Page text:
So what does one do in this situation? Miles from anywhere, high in a mountain pass, rock walls on one side, sheer drops on the other? Death waiting at every turn and a panicked warning alarm blaring?
Turn some Tom Petty on loud enough to drown out the warning alarm with a sing-along and hope it all gets better while you drive. Very, very carefully—of course.
These are things we don’t like seeing when the 4Runner doesn’t feel like stopping on command:
This was our afternoon.
Ben cautiously wrangled the overloaded 4Runner in and out of sharp corners. Avoiding trucks, road hazards, topes (speed bumps), cattle and more. For seven long hours.
You can only go so fast when stopping is so hard to do.
All the while we held our breath wondering if the brakes were suddenly going to get worse. Would we lose any ability to even slow down as we rounded the ‘curvas peligrosas‘?
We wondered if it would be an easy repair.
We wondered if it would cost us several month’s budget to get back on the road.
We wondered if we were going to have to stop and camp on the side of the road and try to arrange a tow truck for the morning.
The clouds rolled in.
The chill in the air in the mountain passes made us crave comfort food. We soon realised we’d forgotten to eat anything all day— with the exception of several lychees and a disappointing Nescafe. We rolled to a cautious stop outside a road-side comedor perched high above the pine forest. Huddling close to our bowls of hot chicken broth, we contemplated the sinuous highway stretching out before us.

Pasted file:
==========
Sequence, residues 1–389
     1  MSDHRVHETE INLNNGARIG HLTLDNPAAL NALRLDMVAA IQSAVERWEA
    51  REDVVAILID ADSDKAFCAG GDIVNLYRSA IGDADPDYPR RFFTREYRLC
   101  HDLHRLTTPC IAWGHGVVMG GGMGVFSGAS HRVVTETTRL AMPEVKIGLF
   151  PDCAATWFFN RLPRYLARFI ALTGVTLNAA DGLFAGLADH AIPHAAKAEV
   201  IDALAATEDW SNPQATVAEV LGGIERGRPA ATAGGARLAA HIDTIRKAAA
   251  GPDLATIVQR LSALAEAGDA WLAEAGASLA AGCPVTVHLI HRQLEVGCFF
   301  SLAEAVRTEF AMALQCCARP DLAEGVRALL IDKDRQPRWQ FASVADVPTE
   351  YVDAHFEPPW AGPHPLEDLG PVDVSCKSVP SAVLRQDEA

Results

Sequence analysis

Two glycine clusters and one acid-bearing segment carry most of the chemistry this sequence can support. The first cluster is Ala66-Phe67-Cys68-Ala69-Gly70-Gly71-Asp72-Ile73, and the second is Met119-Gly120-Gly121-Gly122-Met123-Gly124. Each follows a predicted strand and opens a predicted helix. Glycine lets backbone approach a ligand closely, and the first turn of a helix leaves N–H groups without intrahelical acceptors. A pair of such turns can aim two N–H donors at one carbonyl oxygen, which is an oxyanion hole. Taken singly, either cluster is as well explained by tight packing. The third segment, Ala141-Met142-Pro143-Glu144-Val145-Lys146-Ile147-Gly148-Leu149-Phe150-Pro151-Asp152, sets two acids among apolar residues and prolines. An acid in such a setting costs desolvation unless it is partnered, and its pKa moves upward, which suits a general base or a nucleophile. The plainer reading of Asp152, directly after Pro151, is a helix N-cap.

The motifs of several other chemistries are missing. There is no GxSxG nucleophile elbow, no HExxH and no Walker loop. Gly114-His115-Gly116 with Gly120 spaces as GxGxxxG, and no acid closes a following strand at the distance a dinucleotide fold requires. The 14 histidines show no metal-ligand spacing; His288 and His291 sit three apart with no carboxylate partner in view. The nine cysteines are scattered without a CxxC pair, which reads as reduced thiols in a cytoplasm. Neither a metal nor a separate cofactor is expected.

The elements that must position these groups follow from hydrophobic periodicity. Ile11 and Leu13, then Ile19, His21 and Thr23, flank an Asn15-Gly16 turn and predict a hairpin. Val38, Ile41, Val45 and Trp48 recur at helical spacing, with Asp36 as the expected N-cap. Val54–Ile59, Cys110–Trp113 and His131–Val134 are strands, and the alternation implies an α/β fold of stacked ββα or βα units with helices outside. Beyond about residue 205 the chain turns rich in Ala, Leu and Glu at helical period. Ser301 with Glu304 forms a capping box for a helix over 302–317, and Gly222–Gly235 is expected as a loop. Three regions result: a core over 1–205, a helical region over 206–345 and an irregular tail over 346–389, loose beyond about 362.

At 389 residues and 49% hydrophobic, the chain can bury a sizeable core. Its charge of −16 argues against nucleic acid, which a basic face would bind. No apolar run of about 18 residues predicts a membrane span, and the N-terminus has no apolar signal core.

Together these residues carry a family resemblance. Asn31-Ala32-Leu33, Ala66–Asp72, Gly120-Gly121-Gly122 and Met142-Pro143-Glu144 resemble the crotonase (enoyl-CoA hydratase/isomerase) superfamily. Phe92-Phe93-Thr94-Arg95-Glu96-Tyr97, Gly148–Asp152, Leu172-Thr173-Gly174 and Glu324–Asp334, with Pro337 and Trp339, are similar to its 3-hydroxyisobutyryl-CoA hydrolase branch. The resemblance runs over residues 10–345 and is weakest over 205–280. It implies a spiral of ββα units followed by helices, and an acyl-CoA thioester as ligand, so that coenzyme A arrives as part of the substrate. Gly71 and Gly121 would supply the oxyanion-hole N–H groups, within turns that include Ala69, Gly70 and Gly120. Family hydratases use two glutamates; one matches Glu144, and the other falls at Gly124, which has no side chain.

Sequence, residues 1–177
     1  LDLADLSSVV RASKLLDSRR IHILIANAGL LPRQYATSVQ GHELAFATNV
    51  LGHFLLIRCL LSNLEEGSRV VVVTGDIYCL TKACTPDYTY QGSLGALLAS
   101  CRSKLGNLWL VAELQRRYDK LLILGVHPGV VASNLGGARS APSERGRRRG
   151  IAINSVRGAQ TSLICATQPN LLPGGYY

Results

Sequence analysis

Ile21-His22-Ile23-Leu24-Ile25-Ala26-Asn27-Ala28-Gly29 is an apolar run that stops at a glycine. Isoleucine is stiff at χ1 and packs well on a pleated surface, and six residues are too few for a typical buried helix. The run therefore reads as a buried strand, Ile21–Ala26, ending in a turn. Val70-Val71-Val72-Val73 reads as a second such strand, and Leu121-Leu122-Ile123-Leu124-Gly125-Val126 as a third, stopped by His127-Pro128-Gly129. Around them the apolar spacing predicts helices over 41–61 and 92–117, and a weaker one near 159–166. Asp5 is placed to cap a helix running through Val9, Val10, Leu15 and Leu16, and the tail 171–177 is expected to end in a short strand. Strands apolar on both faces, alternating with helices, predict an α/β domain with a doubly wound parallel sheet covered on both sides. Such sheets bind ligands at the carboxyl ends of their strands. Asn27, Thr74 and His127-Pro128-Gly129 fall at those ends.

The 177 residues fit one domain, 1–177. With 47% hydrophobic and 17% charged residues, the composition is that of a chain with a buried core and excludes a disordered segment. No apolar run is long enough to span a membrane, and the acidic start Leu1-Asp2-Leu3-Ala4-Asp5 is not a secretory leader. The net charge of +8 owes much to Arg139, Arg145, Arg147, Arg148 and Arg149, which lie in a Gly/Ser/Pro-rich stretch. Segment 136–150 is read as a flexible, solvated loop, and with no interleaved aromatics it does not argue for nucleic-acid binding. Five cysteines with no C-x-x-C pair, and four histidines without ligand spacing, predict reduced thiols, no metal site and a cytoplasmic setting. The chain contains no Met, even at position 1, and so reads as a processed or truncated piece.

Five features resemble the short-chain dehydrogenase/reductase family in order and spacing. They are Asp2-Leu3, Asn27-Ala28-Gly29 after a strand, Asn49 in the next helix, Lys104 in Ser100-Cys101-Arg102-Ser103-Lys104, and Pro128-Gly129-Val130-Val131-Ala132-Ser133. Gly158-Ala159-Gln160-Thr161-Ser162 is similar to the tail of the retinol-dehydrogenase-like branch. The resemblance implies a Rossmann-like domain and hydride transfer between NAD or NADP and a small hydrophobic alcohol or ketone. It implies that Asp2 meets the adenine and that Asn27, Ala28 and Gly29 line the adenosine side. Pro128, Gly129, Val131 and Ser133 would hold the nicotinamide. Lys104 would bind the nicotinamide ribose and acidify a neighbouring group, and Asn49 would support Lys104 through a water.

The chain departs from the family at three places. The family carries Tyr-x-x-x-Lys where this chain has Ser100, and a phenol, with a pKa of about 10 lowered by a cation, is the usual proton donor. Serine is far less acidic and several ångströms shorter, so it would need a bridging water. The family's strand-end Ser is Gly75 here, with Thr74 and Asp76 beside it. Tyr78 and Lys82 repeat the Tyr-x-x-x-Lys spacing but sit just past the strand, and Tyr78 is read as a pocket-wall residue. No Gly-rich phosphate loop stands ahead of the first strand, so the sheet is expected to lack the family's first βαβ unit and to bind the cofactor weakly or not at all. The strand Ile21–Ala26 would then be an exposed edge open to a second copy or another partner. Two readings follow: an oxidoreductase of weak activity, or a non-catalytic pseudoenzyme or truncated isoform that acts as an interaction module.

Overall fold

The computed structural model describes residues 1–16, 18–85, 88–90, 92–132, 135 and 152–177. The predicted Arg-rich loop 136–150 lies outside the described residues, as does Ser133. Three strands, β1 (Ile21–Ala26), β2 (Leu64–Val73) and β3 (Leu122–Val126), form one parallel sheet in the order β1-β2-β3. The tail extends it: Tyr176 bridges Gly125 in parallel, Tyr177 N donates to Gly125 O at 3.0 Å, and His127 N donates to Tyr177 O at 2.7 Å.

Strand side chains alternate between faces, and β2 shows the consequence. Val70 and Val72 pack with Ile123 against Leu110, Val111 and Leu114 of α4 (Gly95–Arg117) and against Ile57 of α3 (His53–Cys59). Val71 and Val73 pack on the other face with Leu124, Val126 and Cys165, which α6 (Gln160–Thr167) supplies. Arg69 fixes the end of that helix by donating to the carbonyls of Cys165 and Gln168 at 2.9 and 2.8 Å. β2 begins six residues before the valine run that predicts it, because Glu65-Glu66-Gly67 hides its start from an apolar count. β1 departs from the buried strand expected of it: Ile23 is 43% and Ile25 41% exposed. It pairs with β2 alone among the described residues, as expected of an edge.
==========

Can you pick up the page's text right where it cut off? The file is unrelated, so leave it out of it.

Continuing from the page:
The afternoon wore on.
The sun sunk behind the mountains.
It had been seven very cautious hours of winding our way through the mountains of Oaxaca state. We were tired, we were bored of travelling at a snail’s pace. We were extremely excited about the prospect of not driving anywhere the next day.
We arrived at the gate of Overlander Oasis to the goofy, toothy grin of Morena. She is the resident ‘one-dog welcoming committee’. We immediately felt a sense of relief.
The 4Runner had made it, we had arrived intact. Best of all—we could stop for a while and let our minds catch up with the preceding hectic twelve months of travel.
We were finally stopping—with or without brakes to assist in the process!
We rang the bell and to the gate came a smiling Canadian woman, who said—”You’re just in time for supper”.
(Supper as it happens, is Canadian for what Kiwis call ‘Tea’ and Americans call ‘Dinner’).
Whatever you call it, we found ourselves on the receiving end of some hot chicken curry and a goodbye cake for dessert. Edith, who had been staying there for a month, was leaving the next day. We had arrived mid-send-off.
We could not have been happier to have made it through the mountain passes and into the kitchen of Leanne and Calvin.